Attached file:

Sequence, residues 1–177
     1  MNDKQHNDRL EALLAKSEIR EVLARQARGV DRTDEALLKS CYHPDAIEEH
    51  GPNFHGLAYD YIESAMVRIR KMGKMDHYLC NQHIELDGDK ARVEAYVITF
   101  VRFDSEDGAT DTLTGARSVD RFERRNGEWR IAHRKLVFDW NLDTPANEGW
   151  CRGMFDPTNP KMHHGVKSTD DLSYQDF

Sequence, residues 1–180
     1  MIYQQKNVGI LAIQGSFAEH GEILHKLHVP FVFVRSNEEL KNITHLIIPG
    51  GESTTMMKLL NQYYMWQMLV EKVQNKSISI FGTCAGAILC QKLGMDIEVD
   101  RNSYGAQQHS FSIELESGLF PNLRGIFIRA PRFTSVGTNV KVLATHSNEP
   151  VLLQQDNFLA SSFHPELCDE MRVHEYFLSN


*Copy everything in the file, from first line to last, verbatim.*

Sequence, residues 1–177
     1  MNDKQHNDRL EALLAKSEIR EVLARQARGV DRTDEALLKS CYHPDAIEEH
    51  GPNFHGLAYD YIESAMVRIR KMGKMDHYLC NQHIELDGDK ARVEAYVITF
   101  VRFDSEDGAT DTLTGARSVD RFERRNGEWR IAHRKLVFDW NLDTPANEGW
   151  CRGMFDPTNP KMHHGVKSTD DLSYQDF

Sequence, residues 1–180
     1  MIYQQKNVGI LAIQGSFAEH GEILHKLHVP FVFVRSNEEL KNITHLIIPG
    51  GESTTMMKLL NQYYMWQMLV EKVQNKSISI FGTCAGAILC QKLGMDIEVD
   101  RNSYGAQQHS FSIELESGLF PNLRGIFIRA PRFTSVGTNV KVLATHSNEP
   151  VLLQQDNFLA SSFHPELCDE MRVHEYFLSN